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Building a new marketplace

State panel works toward deadline for health benefits exchange

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Print this page by Marjolijn Bijlefeld

Health insurance companies in Virginia are trying to thread a needle these days. They are working to meet the demands of their current customers while also trying to figure out the direction of health-care reform.

The first task is fairly easy to understand. Many employers soon will be shopping for the best price and benefits on their health-care policies. The second task, however, is harder to grasp because details are still scarce. The state is working against a January 2014 deadline to implement a health benefits exchange (HBE) as part of the federal Patient Protection and Affordable Care Act, even while Attorney General Ken Cuccinelli is asking the U.S. Supreme Court to strike down parts of the law. (A federal district judge in Virginia already has ruled in his favor.) The result, says Jeff Ricketts, regional vice president at Anthem Blue Cross and Blue Shield in Richmond, is that “right now, our current employer clients are fairly confused. They’re wondering if this exchange is going to be good for them or not.”

For the next few months, however, neither Ricketts nor anyone else can provide much guidance. Virginia has decided to move ahead with developing its own health benefits exchange, rather than have the federal government design it.  HBEs already exist in California, Massachusetts and Utah. They will provide a way for individuals whose employers don’t offer health insurance or who work for small firms (fewer than 50 full-time employees in 2014 and fewer than 100 employees in 2016) to purchase insurance at more competitive rates.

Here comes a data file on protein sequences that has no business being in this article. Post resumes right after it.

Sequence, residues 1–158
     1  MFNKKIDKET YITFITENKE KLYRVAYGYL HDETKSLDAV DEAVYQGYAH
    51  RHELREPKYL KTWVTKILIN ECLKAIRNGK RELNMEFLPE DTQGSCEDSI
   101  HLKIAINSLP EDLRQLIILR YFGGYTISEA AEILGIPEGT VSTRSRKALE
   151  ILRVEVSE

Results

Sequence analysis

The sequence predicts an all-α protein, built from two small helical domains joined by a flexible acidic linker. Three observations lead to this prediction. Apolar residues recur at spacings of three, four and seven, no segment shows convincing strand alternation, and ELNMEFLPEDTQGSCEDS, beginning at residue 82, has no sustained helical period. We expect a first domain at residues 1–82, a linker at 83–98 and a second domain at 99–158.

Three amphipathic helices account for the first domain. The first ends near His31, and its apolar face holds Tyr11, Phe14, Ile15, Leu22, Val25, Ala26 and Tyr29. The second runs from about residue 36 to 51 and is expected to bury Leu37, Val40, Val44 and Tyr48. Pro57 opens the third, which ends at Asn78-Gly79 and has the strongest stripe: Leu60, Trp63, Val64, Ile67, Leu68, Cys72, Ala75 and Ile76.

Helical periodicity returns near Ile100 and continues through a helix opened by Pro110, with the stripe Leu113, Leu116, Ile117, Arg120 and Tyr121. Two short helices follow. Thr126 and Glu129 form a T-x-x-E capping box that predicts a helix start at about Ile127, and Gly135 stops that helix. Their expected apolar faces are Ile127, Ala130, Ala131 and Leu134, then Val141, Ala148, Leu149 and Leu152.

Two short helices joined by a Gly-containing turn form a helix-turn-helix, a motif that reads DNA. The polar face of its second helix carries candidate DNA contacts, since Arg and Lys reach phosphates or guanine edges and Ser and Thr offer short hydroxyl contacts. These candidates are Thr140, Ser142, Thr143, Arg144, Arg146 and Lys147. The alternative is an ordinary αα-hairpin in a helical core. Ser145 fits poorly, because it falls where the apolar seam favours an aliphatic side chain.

The exchanges also will play a role in the health-care reform law’s expanded Medicaid pool, extending coverage to those who earn up to 133 percent of the federal poverty level. There are about 550,000 enrollees in the Medicaid managed-care plan now; somewhere in the range of another 270,000 to 425,000 Virginians will become eligible, says Doug Gray, executive director of the Virginia Association of Health Plans (VAHP).

A lot of details need to be worked out quickly. Virginia’s early legislative schedule compresses the timeline because the General Assembly must approve the HBE plan design in its 2012 session, allowing time for the federal government to review and approve it so that it’s ready to operate on Jan. 1, 2014. That means the state’s recommended implementation plan and proposed legislation need to be ready by October for General Assembly consideration next January.

Spreading the risk

In August, Gov. Bob. McDonnell appointed a 24-member Virginia Health Reform Initiative Advisory Council, chaired by Virginia Secretary of Health and Human Resources Dr. Bill Hazel. That panel, which in December presented a report on health-care reform in Virginia (see related story on page 47), is “an example of those states which have recognized that as much as they may have political quarrels, it’s not worth throwing the baby out with the bath water,” says Larry McNeely, health-care-reform advocate at the U.S. Public Interest Research Groups in Washington, D.C. “The idea of having a competitive marketplace where small businesses and consumers can pool their buying power is fundamentally a pro-consumer idea.”

John McInerney, health-policy director at The Commonwealth Institute for Fiscal Analysis in Richmond, says the HBE option can be good for the uninsured. “The nongroup individual market is not working, and the small-group market is struggling. Less than 40 percent of small businesses with 50 or fewer employers offer health coverage,” he says. In addition to providing consumers an option for getting affordable coverage, Virginia’s HBE, if designed correctly, also could remove administrative burdens that keep some small employers from offering health insurance, he says. “Many small businesses want to offer health insurance, but it’s too expensive or the administrative burdens are too great.” An estimated 11 to 16 percent of Virginia’s population is uninsured, and about 6 percent of Virginians purchase their own insurance on the individual market.

By allowing small businesses and individuals to pool their numbers, they can spread the risk, the way large employers do. But there are lingering questions: Who will sign up? What will the benefits look like? How will premiums offered through the HBE compare with the private market? And who’s overseeing the HBE? “If you have only very small businesses or only a few employees sign up, then the premiums can be very high,” McInerney says. McNeely adds that three factors will determine the ultimate success of an HBE: its management, its negotiating strength and the quality of the patient experience.